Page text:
At any moment the buffalo might come to the edge of the papyrus,
and they would be likely to see us before we could see them. We
took our place on the same hill the following day, but with no greater
success. It was hot work sitting all day in the sun with no shelter.
The only vegetation was some small thorny brush which afforded no
shade. To vary the monotony I made several pictures of the large
herds of animals which passed us, and was fortunate enough to

secure some rather satisfactory results. On the way back to camp
I tried in vain to photograph the flocks of spur-winged geese and
Yavirondo or crested cranes, but they would never let me approach
near enough to obtain pictures of any great value. We found the
continued exposure to the sun rather trying, so the next day we sent
some of the men to watch in our stead, while we devoted ourselves
to printing and developing. Evidently the buffalo had been badly
frightened by the shooting, for they did not show themselves, so we
had to abandon any further attempts, and broke camp for the last
time on the morning of June 2nd.

A march of twelve miles brought us to Nairobi. Our trip was
ended, the long anticipated trip to the game paradise, to the land of
sunshine all was a thing of the past. Our labors would soon be
forgotten, but the memory of the pleasures would live for many years.
The slight dangers had been passed with no ill results, and in their
recollection they would improve with age. We had marched in four
months about fifteen hundred miles, half of that distance being
camp-to-camp marches. Good fortune had smiled on us almost
continually. The best of health had been ours from the moment
of starting, and last, but not least, I would bring home with me as a
record of the trip a collection of over three hundred photographs
of the African animals, which would recall the events of the four
months' "safari" more vividly than the most detailed account ever
written. They would prove trophies more interesting and more
valuable to the real nature student than the finest collection of dry
heads and horns ever taken out of the country.

There remains little more to be said. We reached Nairobi,
and had the pleasure of showing the photographs to ex-President


Roosevelt. On the way to Mombasa I saw, besides the common
game, a rhinoceros, some giraffe and eland, while a lion crossed the
railway track not a hundred yards in front of the engine. How
different these animals had appeared, when I came from Mombasa
little more than four months ago! They were all so new to me then,
now they were familiar, like old friends who had contributed so
greatly to the enjoyment of the most delightful four months of out-
door life that it had ever been my good luck to experience. God
willing, I shall return again to this land and renew my acquaintance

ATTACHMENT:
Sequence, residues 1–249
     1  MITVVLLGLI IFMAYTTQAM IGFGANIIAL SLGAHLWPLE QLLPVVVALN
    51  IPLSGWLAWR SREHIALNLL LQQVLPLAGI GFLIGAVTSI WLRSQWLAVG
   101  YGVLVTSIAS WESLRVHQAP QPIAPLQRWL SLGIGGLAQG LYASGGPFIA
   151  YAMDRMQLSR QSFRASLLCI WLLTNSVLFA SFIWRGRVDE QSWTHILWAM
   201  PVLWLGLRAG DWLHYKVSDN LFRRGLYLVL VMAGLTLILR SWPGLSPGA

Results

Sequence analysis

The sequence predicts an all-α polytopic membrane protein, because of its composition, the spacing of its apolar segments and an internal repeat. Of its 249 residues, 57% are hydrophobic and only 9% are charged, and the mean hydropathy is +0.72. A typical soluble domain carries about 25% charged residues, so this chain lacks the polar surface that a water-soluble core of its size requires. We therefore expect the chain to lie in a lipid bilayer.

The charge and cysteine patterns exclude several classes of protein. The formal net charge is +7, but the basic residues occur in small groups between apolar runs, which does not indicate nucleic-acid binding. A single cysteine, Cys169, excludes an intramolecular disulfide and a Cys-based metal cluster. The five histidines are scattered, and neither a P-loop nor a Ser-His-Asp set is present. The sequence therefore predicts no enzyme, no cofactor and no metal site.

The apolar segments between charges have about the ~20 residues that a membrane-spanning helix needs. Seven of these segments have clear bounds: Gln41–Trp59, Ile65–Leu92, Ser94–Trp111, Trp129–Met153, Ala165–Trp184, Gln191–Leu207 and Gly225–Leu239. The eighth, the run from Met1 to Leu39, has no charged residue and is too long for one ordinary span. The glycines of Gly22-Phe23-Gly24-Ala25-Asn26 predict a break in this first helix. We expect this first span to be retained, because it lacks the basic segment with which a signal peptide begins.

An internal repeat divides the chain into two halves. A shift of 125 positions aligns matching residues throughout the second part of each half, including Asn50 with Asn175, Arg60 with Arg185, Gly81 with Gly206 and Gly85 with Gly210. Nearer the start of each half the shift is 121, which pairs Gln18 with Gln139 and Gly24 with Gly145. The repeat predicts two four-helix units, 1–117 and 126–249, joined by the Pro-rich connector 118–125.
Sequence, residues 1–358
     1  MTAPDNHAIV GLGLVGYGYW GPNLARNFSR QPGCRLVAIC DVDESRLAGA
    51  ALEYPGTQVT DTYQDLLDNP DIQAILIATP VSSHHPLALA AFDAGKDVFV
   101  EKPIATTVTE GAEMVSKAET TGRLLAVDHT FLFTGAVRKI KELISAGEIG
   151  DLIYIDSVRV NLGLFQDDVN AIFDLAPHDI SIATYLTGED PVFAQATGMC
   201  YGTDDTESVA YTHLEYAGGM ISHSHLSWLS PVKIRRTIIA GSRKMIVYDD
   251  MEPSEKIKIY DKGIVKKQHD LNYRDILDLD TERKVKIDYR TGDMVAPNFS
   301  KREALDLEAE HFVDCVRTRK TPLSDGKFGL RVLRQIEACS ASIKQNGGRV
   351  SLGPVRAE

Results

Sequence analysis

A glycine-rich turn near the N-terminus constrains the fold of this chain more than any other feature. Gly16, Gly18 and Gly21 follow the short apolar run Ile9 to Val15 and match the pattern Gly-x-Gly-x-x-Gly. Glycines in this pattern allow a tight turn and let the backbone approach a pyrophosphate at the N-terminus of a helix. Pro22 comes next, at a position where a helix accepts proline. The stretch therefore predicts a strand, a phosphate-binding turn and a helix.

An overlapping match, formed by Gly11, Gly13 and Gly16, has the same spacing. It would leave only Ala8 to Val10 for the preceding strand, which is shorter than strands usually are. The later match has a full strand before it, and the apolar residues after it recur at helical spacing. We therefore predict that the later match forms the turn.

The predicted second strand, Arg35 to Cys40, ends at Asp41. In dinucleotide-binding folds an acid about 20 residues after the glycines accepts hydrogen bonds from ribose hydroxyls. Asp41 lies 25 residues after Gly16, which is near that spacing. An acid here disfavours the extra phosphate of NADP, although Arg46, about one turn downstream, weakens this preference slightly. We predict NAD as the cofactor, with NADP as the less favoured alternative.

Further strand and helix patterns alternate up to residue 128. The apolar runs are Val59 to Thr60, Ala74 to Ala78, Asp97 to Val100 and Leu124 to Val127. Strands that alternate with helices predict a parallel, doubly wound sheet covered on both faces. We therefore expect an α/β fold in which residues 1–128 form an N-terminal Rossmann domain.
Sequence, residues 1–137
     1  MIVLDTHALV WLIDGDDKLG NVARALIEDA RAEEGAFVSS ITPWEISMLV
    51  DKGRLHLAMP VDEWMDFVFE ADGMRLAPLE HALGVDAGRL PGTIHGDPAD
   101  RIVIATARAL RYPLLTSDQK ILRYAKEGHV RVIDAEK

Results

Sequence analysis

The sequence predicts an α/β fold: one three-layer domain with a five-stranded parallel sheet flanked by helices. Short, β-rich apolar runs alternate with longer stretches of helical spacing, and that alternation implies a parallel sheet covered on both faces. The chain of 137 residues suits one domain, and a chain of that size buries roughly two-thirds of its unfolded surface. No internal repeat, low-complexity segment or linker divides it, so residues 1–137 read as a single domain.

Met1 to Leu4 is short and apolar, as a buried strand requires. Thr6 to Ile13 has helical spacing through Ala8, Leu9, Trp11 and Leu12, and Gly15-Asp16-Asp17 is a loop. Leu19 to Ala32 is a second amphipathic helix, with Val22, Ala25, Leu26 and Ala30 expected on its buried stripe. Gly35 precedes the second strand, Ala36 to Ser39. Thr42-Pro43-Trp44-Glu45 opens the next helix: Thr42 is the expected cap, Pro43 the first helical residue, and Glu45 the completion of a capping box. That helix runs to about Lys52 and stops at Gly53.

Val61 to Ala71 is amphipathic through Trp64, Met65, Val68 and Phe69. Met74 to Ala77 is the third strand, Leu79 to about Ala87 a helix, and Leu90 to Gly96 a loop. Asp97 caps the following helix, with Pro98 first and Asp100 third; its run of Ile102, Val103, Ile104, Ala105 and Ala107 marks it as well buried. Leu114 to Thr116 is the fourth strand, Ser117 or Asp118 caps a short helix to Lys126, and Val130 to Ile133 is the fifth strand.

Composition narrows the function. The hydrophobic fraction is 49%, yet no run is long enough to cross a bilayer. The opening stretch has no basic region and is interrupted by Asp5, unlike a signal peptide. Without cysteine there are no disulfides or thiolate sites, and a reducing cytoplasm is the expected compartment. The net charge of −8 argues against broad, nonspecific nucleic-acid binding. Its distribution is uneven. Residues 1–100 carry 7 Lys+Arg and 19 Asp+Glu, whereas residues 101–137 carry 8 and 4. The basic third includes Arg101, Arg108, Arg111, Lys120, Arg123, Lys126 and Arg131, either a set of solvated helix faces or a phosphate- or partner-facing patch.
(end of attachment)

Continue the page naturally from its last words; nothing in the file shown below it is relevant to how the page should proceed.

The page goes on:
with the " beasts of the field and fowls of the air."





THE object of this chapter is to help those who are contemplating
a trip to the British East African Protectorate. The information
is the result of my own experience and of conversation with others,
whose knowledge of the country is far greater than my own. Some
of the facts may have been noted in other parts of the book, but
in order to concentrate the material so that it may be the more readily
found, it seems better, even at the risk of repetition, to put it into
one chapter. At best many of the details as to equipment and cost
of "safari" must be somewhat vague, so much depends on the man
himself and his peculiar ideas of requirement, and on the probable
changes in the conditions of labor and laws incidental to a new country.
Even seasons make considerable difference in cost, as the food
supplies vary greatly in price. In a general way the man who goes
to East Africa must expect a trip of about four or five months to
cost him from one hundred and twenty-five to two hundred pounds
per month that is, from London or New York and back. One
who is very economical could do it for less than the lower figure,
while he who is inclined to extravagance would need to count on even
more than the two hundred pounds. If expense is not a serious
consideration, and you wish to be saved all worry and trouble, a



white guide can be engaged. There are only a few of them, and
their services are in great demand. They are generally keen sports-
men and excellent companions, while their knowledge of the country
and the habits of the game ensure the sportsman almost certain
success. For those who wish to know definitely how much their
expenses will be, the outfitting companies at Nairobi (with offices
in London and representatives in New York) will undertake to out-
fit parties for a given sum from about eighty pounds for each gun
per month upward, according to the country to be visited by the party.
This price does not include any of the landing charges railway
fares, hotel expenses, licenses, or riding animals. In other words,
it simply covers the expenses of the "safari" from the time it enters
the field till its return to Nairobi. For the benefit of those who
wish to know the items included in this charge the following list
is given. It is only approximate, but will give a fairly good idea
of what may be expected:



i Headman 2 Askaris

I Boy I Cook

i Gunbearer 30 Porters


I Tent, fly and ground-sheet I Mincer

i Bed and mattress I Spade

i Bath I Axe

8 Plates (assorted) 2 Lamps



I Cup and saucer I Fry pan

6 Spoons i Bucket
i Knife Corkscrew

I Fork Chair

1 Knife-board Lamp (collapsible candle)

2 Pangas (mache) 4 Knives and Forks
i Bread oven Coffee pot

1 Screwdriver and file Salt and pepper

3 Tin openers 2 Hatchets

2 Bread molds i Castor

i Table 4 Cooking pots

i Washstand I Grill

3 Dishes i Box (fitted for naphtha, etc.)
i Enamel glass i Kettle

1 Teapot


4 y-lb. Tins flour 4 Tins Lard

1 2 3 4 5 6 7 8 9 10 11 12 13 15 17 18

Online LibraryA. Radclyffe (Arthur Radclyffe) DugmoreCamera adventures in the African wilds; being an account of a four months' expedition in British East Africa, for the purpose of securing photographs of the game from life → online text (page 15 of 18)